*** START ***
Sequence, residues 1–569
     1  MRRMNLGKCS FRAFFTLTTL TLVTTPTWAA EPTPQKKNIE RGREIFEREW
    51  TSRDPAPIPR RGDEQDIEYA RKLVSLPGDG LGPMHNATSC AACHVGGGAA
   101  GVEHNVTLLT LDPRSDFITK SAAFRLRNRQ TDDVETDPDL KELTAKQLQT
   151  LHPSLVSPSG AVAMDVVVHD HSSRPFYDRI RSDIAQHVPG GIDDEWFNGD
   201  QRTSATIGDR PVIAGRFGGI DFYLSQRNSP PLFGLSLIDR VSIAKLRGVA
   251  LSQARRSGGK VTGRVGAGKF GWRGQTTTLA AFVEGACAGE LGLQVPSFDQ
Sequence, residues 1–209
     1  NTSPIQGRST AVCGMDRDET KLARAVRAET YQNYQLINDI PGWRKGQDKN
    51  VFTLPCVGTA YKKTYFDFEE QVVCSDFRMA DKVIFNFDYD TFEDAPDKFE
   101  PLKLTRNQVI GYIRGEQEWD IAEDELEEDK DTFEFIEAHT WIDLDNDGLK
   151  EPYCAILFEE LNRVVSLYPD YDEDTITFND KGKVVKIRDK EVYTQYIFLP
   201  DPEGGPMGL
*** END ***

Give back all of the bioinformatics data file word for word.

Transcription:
Sequence, residues 1–569
     1  MRRMNLGKCS FRAFFTLTTL TLVTTPTWAA EPTPQKKNIE RGREIFEREW
    51  TSRDPAPIPR RGDEQDIEYA RKLVSLPGDG LGPMHNATSC AACHVGGGAA
   101  GVEHNVTLLT LDPRSDFITK SAAFRLRNRQ TDDVETDPDL KELTAKQLQT
   151  LHPSLVSPSG AVAMDVVVHD HSSRPFYDRI RSDIAQHVPG GIDDEWFNGD
   201  QRTSATIGDR PVIAGRFGGI DFYLSQRNSP PLFGLSLIDR VSIAKLRGVA
   251  LSQARRSGGK VTGRVGAGKF GWRGQTTTLA AFVEGACAGE LGLQVPSFDQ
Sequence, residues 1–209
     1  NTSPIQGRST AVCGMDRDET KLARAVRAET YQNYQLINDI PGWRKGQDKN
    51  VFTLPCVGTA YKKTYFDFEE QVVCSDFRMA DKVIFNFDYD TFEDAPDKFE
   101  PLKLTRNQVI GYIRGEQEWD IAEDELEEDK DTFEFIEAHT WIDLDNDGLK
   151  EPYCAILFEE LNRVVSLYPD YDEDTITFND KGKVVKIRDK EVYTQYIFLP
   201  DPEGGPMGL